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PEPTIDE TRENDS MAY 2017

MEET US AT THE APS

The American Peptide Symposium is a biennial event organized by the American Peptide Society, a nonprofit scientific and educational organization dedicated to advancing and promoting knowledge of the chemistry and biology of peptides.

 

This year, the 25th American Peptide Symposium will be held on June 17-22, 2017 in Whistler, BC, Canada.

 

The symposium theme of New Heights in Peptide Research will cover a broad range of topics connecting chemical, materials, biological, pharmaceutical and medical science.

 

The American Peptide Symposium provides a forum to learn and share the latest results with professors, students, postdocs, and industrial researchers who make exciting contributions to peptide research.

 

We invite you to visit us at our Booth #18:please contact us to schedule a meeting in advance.

 

We look forward to meeting you at APS 2017!

DIPEPTIDES AND TRIPEPTIDES

Dipeptides and Tripeptides

Even though they are the smallest peptides, dipeptides and tripeptides can be biologically active or show specific properties. Or, as digestion products of proteins, function as source of amino acids. Two transporter proteins mediate the cellular uptake for further processing of di- and tripeptides. PepT1 located in the brush border membrane of the intestinal epithelium transfers the nutritional peptides from the small intestinal lumen into intestinal absorptive cells (enterocytes). PepT2 expressed in the renal tubules is involved in their re-adsorption from primitive urine.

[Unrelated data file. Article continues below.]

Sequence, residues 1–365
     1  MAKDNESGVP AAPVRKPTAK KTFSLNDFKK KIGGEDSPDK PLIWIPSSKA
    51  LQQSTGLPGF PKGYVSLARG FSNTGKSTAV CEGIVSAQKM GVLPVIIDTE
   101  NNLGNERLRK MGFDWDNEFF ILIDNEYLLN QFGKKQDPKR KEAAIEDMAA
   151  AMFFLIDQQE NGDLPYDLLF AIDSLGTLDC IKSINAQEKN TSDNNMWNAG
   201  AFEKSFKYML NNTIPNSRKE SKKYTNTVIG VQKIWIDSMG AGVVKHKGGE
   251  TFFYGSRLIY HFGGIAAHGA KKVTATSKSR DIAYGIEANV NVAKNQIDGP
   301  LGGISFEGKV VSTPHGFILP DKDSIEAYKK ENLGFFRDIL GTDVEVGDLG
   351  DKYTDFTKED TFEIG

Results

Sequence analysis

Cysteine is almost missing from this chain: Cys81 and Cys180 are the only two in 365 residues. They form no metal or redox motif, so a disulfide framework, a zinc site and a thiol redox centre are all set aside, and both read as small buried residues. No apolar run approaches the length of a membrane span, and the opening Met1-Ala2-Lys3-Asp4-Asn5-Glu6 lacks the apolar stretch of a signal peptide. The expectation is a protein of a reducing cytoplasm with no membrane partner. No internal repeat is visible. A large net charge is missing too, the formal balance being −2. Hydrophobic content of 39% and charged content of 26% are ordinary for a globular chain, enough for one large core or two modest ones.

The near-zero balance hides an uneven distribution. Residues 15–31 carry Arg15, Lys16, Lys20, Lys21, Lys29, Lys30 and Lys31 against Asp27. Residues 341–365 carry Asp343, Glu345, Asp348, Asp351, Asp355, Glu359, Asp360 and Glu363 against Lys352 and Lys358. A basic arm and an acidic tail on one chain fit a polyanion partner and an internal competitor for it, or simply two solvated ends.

400 different dipeptides can be formed when connecting the 20 proteinogenic amino acids and most of them if not all have been detected in nature. This diversity is increased by involving the side chains of Asp, Glu, or Lys in peptide bond formation, modifications as N-terminal acetylation and C-terminal amidation, and end-to-end cyclization yielding diketopiperazines. Moreover, nonproteinogenic amino acids as Hyp can be incorporated.

 

When synthesizing tripeptides, 8000 different combinations can be obtained from the 20 coded amino acids. Tripeptide hormones such as TRH (Pyr-His-Pro-NH₂, H-4915), MIF-I (H-Pro-Leu-Gly-NH₂, H-4305), or avian bursin (H-Lys-His-Gly-NH₂, H-5920) are further modified as to increase metabolic stability. Unlike dipeptides, tripeptides show a very low propensity for end-to-end cyclization.